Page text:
Clifton Extension Railway


Clifton Extension Railway
Clifton Extension Railway runs along the top of this 1911 Bristol railway map

The Clifton Extension Railway was a joint railway in Bristol, owned by the Great Western Railway (GWR) and the Midland Railway (MR) companies.

Contents

Description of line

The railway ran from a junction with the GWR at Narroways Hill, just north of Stapleton Road railway station, to Avonmouth Docks. The branch was joined at Ashley Hill junction, just beyond Narroways Hill, by a line which left the Midland main line at Kingswood Junction, south-west of Fishponds station.

The first section of line through Montpelier to Clifton Down opened on 1 October 1874. The greatest engineering feature of the branch was a mile-long tunnel underneath Clifton Down. The section through the tunnel from Clifton Down station to Sneyd Park Junction, where it connected to the Bristol Port Railway, opened to goods traffic in 1877 and to passenger trains on 1 September 1885.[1]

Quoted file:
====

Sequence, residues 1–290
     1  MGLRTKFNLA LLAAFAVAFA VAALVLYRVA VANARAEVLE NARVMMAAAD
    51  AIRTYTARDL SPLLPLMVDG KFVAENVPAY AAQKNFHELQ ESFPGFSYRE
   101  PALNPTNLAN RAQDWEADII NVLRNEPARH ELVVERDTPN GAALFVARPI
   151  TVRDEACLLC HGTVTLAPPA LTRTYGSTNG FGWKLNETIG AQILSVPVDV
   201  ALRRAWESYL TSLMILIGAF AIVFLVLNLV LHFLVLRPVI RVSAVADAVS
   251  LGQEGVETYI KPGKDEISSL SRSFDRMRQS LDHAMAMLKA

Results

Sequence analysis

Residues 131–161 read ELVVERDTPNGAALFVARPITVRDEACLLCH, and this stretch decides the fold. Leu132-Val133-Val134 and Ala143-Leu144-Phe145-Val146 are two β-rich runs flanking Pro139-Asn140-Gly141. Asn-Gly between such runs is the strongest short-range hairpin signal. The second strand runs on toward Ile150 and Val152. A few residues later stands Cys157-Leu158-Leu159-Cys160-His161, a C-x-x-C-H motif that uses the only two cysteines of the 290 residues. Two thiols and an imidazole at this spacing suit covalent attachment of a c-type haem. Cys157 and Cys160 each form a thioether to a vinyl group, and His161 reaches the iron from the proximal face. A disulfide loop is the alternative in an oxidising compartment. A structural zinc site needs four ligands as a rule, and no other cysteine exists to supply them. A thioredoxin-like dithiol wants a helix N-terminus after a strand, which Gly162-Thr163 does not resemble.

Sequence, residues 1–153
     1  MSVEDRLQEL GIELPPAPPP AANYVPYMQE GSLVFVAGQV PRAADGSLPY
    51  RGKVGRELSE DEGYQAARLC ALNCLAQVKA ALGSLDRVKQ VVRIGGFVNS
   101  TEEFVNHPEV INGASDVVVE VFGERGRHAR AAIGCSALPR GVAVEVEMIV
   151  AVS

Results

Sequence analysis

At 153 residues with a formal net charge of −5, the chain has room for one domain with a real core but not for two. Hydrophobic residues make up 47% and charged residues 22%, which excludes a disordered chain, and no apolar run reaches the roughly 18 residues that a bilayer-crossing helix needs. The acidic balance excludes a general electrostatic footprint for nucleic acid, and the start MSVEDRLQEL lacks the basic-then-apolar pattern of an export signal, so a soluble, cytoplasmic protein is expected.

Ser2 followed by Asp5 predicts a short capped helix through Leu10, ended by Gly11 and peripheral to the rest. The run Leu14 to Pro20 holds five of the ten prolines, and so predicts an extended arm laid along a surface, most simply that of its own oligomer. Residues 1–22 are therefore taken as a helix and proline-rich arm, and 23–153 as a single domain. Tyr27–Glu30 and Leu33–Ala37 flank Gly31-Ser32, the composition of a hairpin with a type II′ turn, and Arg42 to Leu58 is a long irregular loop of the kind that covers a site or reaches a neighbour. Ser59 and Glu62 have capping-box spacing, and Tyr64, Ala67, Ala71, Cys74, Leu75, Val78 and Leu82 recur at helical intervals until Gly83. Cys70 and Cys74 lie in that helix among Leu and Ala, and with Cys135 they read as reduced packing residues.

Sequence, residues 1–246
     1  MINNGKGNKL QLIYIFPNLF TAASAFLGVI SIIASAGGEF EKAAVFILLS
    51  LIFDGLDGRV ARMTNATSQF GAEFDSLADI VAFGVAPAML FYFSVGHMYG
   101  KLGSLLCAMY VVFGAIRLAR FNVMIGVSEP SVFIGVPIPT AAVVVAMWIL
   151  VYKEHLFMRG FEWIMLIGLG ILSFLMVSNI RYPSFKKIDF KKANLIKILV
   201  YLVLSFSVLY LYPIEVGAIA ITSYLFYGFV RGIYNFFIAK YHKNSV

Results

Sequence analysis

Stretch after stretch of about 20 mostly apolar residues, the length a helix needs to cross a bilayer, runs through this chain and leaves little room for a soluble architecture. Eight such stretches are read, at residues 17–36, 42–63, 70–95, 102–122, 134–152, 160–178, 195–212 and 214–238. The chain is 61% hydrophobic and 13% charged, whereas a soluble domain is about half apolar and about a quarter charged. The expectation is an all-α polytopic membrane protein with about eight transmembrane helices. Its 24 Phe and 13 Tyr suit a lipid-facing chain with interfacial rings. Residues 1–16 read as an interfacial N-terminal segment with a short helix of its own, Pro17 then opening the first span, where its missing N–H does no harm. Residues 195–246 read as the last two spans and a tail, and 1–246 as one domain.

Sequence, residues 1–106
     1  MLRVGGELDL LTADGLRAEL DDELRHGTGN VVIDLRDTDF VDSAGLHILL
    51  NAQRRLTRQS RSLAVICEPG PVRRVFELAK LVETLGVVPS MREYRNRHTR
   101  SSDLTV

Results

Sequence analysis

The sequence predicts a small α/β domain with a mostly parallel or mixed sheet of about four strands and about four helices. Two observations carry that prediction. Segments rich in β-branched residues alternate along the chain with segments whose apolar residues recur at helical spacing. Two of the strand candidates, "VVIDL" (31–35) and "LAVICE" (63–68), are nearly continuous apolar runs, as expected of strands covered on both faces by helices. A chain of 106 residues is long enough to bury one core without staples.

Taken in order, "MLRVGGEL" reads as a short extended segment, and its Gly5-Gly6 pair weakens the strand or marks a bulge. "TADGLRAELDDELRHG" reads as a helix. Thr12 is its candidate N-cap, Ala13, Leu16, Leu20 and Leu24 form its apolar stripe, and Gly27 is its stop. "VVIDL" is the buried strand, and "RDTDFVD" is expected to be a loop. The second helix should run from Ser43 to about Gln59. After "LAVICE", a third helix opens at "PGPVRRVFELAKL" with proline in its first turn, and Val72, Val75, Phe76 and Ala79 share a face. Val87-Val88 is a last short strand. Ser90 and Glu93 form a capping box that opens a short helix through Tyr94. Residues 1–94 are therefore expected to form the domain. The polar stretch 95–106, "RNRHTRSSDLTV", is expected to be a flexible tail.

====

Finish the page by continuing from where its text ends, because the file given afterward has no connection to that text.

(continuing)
Legal history

Originally the railway was promoted by the Bristol Port Railway and Pier Company, incorporated under the Bristol Port Railway and Pier Act of 17 June 1862. In 1871 the railway was transferred to the Great Western and Midland railway companies jointly, under the Great Western and Midland railway companies (Clifton and Bristol) Act of 25 May 1871, and the Midland Railway (Additional Powers) Act of 25 July 1890. The line was administered by the Clifton Extension Railway Joint Committee until 1894, and from then the Great Western and Midland Railways Joint Committee.[2]

Recent history

The line from Narroways Hill is now part of the Severn Beach Line.

The connection to the Midland Railway closed in 1965, and the thirteen arch viaduct over the River Frome valley was demolished in 1968.[3]

References